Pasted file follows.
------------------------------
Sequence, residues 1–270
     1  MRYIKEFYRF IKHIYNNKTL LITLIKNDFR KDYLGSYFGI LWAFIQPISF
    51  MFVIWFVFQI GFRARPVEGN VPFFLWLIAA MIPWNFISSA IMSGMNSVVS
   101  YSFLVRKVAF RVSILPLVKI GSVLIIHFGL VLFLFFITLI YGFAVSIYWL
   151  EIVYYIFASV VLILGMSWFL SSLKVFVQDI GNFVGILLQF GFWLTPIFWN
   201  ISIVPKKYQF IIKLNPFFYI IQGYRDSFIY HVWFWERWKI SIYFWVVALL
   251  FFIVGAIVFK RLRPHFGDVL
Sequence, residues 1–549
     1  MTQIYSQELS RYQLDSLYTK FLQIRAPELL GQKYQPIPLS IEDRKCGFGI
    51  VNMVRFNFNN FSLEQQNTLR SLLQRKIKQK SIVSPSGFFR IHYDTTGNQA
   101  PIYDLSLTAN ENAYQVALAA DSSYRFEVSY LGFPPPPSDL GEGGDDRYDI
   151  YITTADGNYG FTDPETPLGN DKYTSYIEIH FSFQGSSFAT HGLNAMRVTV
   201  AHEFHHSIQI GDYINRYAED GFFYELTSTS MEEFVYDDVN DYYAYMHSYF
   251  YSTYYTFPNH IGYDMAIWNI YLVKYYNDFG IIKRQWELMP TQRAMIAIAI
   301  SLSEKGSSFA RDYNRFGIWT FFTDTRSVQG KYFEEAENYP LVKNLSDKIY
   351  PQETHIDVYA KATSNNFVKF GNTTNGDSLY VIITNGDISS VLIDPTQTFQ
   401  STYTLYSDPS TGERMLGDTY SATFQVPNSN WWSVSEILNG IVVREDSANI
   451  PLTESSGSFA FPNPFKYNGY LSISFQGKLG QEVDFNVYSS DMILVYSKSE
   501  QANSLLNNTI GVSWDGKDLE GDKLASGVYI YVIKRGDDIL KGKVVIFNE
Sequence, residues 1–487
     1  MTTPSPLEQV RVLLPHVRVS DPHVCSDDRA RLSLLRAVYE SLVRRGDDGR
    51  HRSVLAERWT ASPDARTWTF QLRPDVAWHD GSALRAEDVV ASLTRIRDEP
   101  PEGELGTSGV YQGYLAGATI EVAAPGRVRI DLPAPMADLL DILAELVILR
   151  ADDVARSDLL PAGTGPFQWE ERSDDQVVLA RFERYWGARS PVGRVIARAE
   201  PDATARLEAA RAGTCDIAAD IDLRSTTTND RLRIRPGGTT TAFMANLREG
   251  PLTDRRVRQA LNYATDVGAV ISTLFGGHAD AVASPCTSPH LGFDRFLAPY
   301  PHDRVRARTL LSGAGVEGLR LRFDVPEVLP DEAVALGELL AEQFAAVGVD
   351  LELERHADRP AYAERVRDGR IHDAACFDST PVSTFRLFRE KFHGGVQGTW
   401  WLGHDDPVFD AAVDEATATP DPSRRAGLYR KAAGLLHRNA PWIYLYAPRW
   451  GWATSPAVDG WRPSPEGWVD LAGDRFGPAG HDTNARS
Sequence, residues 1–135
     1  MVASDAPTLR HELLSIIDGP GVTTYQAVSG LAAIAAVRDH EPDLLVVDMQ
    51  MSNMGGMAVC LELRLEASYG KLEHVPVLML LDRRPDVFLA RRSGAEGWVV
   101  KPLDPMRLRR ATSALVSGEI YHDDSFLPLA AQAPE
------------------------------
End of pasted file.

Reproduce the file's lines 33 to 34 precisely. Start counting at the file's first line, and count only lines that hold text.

    51  MSNMGGMAVC LELRLEASYG KLEHVPVLML LDRRPDVFLA RRSGAEGWVV
   101  KPLDPMRLRR ATSALVSGEI YHDDSFLPLA AQAPE